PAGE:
Who Made the First Windshield Wipers?

Do you think much about windshield wipers as you're driving? Depending on where you live, you may use them frequently, and they're some of the most important features on your car when it's raining or snowing. However, if you didn't have these useful tools, or if the ones on your car were broken, you could seriously compromise your safety on the road. There was a time, when automobiles first came off the production line, when wipers didn't exist. Imagine the challenge of navigating the road in the driving road or a blizzard without the use of wipers. This hazard would make it extremely difficult if not impossible to safely see the street and surrounding cars. Wondering who invented windshield wipers? Thanks to a 37-year-old Alabama woman, drivers and passengers can easily clear the windshield of water and drive in just about any amount of precipitation.

What Happened Before?

Prior to this handy invention, people in some of the first cars had to contend with rain and snow in much more inconvenient ways. Drivers would have to stop every few minutes and manually wipe of the windshield themselves. Or, people simply wouldn’t drive in such weather. Though car didn’t become widely available until the introduction of Henry Ford’s Model T in 1908, the first automobiles were built in 1885 by Germany’s Karl Benz. It was 1902 when the idea of windshield wipers came to be.

A Southerner’s Visit to the Big Apple

In 1902, Mary Anderson, a Birmingham, Alabama, native, was on a trip to New York City. On one winter day, she was riding in a streetcar, stuck in traffic. Snow was falling, making it difficult for the driver to see. While the car was stopped, the driver got out and cleaned off the windshield. This happened over and over, causing Anderson to wonder whether there wasn’t a more efficient way of removing snow. The snow impeded the driver’s vision as it built up and the act of stopping to brush it off made the ride much longer. Anderson thought if there was some method of putting a blade on the car that could wipe away the snow, drivers wouldn’t have to keep getting out of cars to clear their vantage point. The thoughts sparked an invention that would benefit every driver in the world.

To the Drawing Board

When she got back to Alabama, Anderson went right to work with her idea. She drew a picture of this water-removing device and described how it would function. Anderson wasn’t merely curious about this concept, nor was she just tinkering with a fanciful dream. She was so serious about it that she applied for a patent for the windshield wipers on June 18, 1903. With Anderson’s device, the driver would work the wipers by using a handle inside the car. The exact language of the patent stated that the wipers would “thus leaving nothing to mar the usual appearance of the car during fair weather.”

Success and Disappointment

Good news came to Anderson on November 10, 1903, just five months after filing the patent. The U.S. patent office informed her that it had been accepted. She awarded patent number 743,801 for her “Window Cleaning Device.” With this significant win in hand, Anderson was eager to market the device and get manufacturers to put it in cars. It certainly wouldn’t hurt her financially, either, if a company were to purchase the idea from her. Unfortunately, no companies were interested in her new invention. She received a letter from one firm that said there was no commercial value in the device that would “warrant our undertaking of its sale.” She continued to shop around her idea, but no one would accept. She was continuously rejected. Today, it seems easy to be confused by why no one would want to use her invention. Decades later, some of her descendants suggested that the fact she was a woman living in what was then a male-dominated business world had something to do with her inability to interest businesses.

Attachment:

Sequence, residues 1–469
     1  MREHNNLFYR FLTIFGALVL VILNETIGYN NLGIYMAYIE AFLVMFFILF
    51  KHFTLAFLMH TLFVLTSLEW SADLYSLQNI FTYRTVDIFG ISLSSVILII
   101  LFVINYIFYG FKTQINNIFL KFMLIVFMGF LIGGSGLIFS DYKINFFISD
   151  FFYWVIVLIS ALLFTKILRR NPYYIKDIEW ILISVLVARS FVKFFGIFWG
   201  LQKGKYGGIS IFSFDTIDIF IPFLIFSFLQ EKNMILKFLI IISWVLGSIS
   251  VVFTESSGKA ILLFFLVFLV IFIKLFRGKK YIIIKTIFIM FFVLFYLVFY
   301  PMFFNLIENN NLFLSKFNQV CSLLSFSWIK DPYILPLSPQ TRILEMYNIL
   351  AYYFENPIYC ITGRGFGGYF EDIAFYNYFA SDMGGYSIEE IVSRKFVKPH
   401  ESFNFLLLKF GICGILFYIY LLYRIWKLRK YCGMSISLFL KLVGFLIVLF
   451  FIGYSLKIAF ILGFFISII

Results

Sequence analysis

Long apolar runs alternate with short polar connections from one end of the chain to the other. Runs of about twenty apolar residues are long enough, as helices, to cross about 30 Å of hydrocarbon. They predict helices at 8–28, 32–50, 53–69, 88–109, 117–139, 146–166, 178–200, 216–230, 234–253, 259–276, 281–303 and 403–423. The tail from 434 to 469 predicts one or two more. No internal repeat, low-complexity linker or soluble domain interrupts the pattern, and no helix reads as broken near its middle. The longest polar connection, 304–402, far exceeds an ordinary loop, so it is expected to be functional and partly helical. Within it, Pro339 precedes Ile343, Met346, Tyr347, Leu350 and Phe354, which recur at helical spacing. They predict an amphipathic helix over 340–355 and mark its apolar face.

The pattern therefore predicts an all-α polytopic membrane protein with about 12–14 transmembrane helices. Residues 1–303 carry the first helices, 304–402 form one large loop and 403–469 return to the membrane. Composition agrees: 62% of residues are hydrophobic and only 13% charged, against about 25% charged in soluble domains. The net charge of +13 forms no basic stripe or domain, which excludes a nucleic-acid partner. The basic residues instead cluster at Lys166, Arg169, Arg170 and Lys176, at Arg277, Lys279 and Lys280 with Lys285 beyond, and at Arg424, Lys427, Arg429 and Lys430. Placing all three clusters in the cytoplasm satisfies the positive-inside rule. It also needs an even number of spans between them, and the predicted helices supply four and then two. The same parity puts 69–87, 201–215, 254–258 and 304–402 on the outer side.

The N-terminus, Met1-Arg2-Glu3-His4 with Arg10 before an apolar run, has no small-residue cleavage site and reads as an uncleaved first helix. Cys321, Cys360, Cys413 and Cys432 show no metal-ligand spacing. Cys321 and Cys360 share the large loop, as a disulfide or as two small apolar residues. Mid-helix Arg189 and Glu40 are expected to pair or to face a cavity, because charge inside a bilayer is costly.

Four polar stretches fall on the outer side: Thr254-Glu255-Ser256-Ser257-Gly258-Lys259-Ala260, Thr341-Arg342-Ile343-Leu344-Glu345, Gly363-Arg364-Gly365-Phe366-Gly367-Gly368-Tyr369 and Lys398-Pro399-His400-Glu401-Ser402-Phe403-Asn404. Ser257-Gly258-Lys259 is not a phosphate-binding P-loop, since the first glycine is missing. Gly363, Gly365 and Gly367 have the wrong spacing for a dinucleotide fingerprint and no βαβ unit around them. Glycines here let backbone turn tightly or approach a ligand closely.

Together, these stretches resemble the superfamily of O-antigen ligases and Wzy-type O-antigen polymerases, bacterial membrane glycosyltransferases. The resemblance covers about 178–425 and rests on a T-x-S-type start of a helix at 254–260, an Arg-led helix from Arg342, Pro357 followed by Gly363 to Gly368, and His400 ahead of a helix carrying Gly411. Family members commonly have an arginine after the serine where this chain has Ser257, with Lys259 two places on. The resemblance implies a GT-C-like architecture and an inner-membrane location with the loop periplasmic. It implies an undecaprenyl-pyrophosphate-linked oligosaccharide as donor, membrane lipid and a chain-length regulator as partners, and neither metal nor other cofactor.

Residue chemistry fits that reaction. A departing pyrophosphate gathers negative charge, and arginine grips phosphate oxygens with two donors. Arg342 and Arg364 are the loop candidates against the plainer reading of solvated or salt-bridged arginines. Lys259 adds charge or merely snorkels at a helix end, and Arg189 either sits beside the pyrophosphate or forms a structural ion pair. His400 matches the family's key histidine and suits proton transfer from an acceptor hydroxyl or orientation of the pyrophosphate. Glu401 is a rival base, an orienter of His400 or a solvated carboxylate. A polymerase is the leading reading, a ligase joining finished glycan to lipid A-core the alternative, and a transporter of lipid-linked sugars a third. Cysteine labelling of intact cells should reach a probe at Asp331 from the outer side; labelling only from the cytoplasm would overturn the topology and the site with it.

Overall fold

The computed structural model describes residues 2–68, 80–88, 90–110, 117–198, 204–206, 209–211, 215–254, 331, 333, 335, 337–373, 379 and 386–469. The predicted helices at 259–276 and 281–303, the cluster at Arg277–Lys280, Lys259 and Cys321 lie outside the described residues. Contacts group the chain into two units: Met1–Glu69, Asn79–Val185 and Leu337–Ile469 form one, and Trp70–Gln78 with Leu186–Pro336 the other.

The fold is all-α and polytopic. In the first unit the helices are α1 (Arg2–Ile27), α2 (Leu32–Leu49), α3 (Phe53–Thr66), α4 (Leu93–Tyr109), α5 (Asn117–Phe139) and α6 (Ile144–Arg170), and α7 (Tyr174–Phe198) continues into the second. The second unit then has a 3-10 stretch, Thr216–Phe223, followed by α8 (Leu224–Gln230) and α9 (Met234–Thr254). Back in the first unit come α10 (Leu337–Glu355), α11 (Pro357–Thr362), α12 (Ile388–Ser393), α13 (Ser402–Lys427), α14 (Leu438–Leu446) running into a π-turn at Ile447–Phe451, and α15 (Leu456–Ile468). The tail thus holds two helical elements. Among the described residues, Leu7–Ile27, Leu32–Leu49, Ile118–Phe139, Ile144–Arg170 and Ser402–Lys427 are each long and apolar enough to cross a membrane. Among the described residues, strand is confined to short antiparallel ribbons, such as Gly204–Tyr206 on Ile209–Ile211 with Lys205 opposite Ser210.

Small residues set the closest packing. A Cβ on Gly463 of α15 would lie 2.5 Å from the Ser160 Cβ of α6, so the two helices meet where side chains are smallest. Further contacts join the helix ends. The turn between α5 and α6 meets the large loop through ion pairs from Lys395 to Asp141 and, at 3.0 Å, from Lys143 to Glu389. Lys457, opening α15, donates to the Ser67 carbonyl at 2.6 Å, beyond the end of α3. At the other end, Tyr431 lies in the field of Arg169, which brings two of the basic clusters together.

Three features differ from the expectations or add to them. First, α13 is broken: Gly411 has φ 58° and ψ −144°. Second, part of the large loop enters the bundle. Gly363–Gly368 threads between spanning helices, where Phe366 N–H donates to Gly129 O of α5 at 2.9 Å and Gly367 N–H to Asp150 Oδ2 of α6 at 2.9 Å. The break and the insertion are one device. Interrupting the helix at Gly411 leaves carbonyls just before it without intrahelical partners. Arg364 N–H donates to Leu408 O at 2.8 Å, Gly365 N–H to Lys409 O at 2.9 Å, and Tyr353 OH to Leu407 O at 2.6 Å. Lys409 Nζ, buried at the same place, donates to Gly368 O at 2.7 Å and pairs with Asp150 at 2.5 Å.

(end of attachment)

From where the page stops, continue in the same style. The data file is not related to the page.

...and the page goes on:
Catching On

Eventually, this windshield wiper inventor would see her creation make it into cars, even if it wasn’t her original form. Other inventors such as James Henry Apjohn, John Oishei, and Charlotte Bridgwood filed patents for similar devices that would captivate the interest of the public and manufacturing companies. Fred and William Folberth came up with an automatic wiper that used a vacuum for power. This device was common on cars through the 1950s.

Intermittent Wipers

Anderson’s invention got the ball rolling for other inventors and thinkers to come up with more advanced ways of removing water with windshield wipers. Engineering professor Robert Kearns, of Detroit, Michigan, used electronic components to build a wiper that moved every few seconds. He filed a patent in 1963 for his intermittent device. Kearns wanted the Ford Motor Company to manufacture and sell the device. Ford initially passed on the proposal but offered a similar wiper a few years later. Kearns wasn’t pleased with this development and sued Ford in a patent dispute in 1978. He did the same with Chrysler four years later. He won a settlement in 1990, and a Supreme Court ruling upheld this decision in 1995.

Wipers Today

Of course, you won’t find a car today without windshield wipers. Wipers and their blades come in different sizes, and some wipers are made especially for certain makes and models. When your wiper blades run out, it’s easy to head online to and order the right pair. You simply put in the make, model and year of your vehicle, and a wide selection will be available for you to look at.

Windshield wipers certainly have come a long way since their humble beginnings at the turn of the 20th century. The next time you’re driving in a rainstorm or during a wintertime blizzard, you can remember the story of Mary Anderson and be thankful for her original design. Though others came after her to refine the concept, this Alabama woman is the pioneer who started it all.

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